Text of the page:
For thousands of years, people were obligated to attend state-sponsored churches constantly looking over their shoulder’s to make sure they were attending services sanctioned by Big Brother. In the United States after the ratification of the First Amendment’s mandate that Congress shall make no law respecting an establishment of religion or prohibiting the free exercise thereof, the Founding Fathers assumed they had erected what Thomas Jefferson called in 1802 a wall of separation between Church and State.
However, in the home state of both Jefferson and James Madison – the author of the Bill of Rights – the Commonwealth of Virginia has placed this fundamental constitutional liberty under assault. Earlier this year the Virginia code was amended to include a law which reads in part the school board of each school division shall establish the daily observance of one minute of silence in each classroom so that students may meditate, pray or engage in any other silent activity. No one harbors uncertainties, including the proponents of this statute, that this law is merely an attempt to institute prayer in schools by using the term moment of silence rather than prayer. For as Virginia Del. Lionel Spruill said in the March 7 issue of The Washington Post, Why are we trying to hide behind a moment of silence? Are we afraid to say prayer?
Feeling their fundamental constitutional liberties were being despoiled, many students protested by walking out of school during the moment of silence. In both Arlington and Fairfax counties, according to The Post, most schools simply allowed the protest. However, Potomac Falls High School did not. Rather than respect the constitutional rights of Jordan Kupersmith, a student who chose not to participate in the moment of silence, school officials decided to assign him to detention for simply disobeying an unconstitutional policy.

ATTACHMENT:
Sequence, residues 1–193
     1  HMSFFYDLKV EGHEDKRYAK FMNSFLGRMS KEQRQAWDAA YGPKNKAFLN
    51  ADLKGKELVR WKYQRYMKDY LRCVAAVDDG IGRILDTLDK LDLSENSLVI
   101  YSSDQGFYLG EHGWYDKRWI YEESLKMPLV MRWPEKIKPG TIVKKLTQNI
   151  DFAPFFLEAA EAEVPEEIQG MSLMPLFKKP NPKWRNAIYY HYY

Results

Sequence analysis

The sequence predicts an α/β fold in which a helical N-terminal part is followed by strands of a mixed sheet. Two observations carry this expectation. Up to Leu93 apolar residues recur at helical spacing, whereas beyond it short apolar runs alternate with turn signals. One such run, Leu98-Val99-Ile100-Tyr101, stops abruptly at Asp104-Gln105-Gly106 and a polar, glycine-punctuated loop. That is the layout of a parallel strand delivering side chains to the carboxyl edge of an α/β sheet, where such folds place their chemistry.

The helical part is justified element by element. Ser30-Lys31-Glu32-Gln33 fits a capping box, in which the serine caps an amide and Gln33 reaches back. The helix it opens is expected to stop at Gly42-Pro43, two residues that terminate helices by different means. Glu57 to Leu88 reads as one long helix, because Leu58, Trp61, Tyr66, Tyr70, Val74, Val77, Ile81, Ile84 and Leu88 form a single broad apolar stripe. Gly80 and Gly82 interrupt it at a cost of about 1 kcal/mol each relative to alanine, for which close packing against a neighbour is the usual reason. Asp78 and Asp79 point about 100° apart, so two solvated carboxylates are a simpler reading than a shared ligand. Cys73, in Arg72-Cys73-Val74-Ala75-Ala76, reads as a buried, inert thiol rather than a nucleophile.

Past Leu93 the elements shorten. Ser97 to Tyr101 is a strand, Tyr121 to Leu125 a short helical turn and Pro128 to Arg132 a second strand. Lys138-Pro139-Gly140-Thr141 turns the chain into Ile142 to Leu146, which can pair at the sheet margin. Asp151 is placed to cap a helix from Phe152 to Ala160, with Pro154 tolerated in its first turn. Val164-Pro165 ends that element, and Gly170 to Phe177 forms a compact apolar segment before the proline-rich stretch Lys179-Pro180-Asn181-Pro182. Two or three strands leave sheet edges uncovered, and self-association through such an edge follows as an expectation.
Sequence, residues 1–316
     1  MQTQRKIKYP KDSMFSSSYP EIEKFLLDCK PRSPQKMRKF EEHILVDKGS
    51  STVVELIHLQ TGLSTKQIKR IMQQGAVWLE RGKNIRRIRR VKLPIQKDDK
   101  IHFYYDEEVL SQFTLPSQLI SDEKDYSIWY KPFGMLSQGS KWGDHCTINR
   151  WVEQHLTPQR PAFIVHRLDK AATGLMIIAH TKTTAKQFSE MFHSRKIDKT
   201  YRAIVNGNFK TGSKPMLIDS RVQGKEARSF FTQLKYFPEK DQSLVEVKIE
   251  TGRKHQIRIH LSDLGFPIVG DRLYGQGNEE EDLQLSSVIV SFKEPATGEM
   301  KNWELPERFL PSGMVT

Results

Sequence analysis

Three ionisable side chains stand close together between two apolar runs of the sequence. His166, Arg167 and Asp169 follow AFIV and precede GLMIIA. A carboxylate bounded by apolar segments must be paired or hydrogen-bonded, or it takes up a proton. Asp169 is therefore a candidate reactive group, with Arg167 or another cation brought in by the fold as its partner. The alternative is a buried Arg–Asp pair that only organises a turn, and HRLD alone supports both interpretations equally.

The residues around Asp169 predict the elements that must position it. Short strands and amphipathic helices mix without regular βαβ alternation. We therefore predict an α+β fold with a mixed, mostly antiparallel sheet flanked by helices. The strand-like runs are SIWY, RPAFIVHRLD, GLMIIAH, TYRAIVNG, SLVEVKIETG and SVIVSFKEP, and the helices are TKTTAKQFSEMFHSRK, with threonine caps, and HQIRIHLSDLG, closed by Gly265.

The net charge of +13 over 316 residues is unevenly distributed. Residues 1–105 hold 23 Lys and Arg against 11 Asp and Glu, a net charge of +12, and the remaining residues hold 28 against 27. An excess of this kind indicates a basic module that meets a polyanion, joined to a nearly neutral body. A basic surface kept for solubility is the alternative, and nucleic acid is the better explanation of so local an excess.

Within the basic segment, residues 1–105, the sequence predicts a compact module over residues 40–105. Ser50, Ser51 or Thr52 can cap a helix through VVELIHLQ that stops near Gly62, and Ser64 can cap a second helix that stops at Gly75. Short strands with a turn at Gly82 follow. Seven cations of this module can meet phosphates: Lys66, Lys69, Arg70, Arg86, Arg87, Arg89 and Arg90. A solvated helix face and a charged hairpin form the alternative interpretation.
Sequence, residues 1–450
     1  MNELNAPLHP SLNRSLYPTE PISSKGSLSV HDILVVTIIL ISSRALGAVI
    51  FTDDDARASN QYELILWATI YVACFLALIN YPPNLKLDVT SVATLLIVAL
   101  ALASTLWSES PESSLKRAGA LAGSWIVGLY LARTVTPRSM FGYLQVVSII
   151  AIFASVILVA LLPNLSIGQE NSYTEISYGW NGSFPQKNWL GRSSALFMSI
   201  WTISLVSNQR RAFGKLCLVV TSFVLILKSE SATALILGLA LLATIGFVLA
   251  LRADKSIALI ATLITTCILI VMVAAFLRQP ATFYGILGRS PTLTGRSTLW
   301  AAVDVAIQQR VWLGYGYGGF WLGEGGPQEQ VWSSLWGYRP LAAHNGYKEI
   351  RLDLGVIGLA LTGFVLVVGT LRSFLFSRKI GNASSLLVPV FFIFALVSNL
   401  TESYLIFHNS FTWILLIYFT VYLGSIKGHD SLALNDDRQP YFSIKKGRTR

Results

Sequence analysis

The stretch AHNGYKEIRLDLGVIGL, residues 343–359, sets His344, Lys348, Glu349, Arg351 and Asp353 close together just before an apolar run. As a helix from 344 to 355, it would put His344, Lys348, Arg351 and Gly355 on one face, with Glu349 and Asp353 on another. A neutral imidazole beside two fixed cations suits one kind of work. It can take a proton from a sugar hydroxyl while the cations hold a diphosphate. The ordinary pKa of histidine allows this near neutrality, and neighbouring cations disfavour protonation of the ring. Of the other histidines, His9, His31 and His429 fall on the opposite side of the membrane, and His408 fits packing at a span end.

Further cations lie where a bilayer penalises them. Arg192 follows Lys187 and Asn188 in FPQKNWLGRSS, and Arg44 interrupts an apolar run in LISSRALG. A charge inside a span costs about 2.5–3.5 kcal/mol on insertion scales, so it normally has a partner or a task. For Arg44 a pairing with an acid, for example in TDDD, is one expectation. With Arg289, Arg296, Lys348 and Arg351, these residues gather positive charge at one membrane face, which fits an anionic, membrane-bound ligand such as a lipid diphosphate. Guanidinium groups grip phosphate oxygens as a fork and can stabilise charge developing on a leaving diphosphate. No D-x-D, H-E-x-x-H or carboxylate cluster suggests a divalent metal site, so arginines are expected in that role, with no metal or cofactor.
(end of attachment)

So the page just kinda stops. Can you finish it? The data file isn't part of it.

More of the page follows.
There is no doubt that this mandatory school prayer disguised as a moment of silence is unconstitutional. The U.S. Supreme Court already ruled in 1985 in a case called Wallace v. Jaffree that a one-minute period of silence for `voluntary meditation or prayer’ violates the so-called establishment clause of the First Amendment. In Wallace the court held that an Alabama statute authorizing a moment of silence for prayer or meditation not only a deviated from the state’s duty to maintain neutrality toward religion, but constituted a direct attempt to coerce non-believers into participation. The Virginia statute operates in the same coercive manner. Unlike the Virginia law, however, Alabama never attempted to explicitly reprimand an individual for raising objections to the state’s infringement of his civil liberties.
If anything, Potomac Falls High School should not have punished Jordan Kupersmith for his actions defending what Supreme Court Justice Jackson called the one fixed star in our constitutional constellation. In the American political system, said Justice Jackson, no official, high or petty, can prescribe what shall be orthodox in politics, nationalism, religion, or other matters of opinion or force citizens to confess by word or act their faith therein. Jordan Kupersmith recognized this principle; his school should reward him for doing so.
-The writer is a freshman.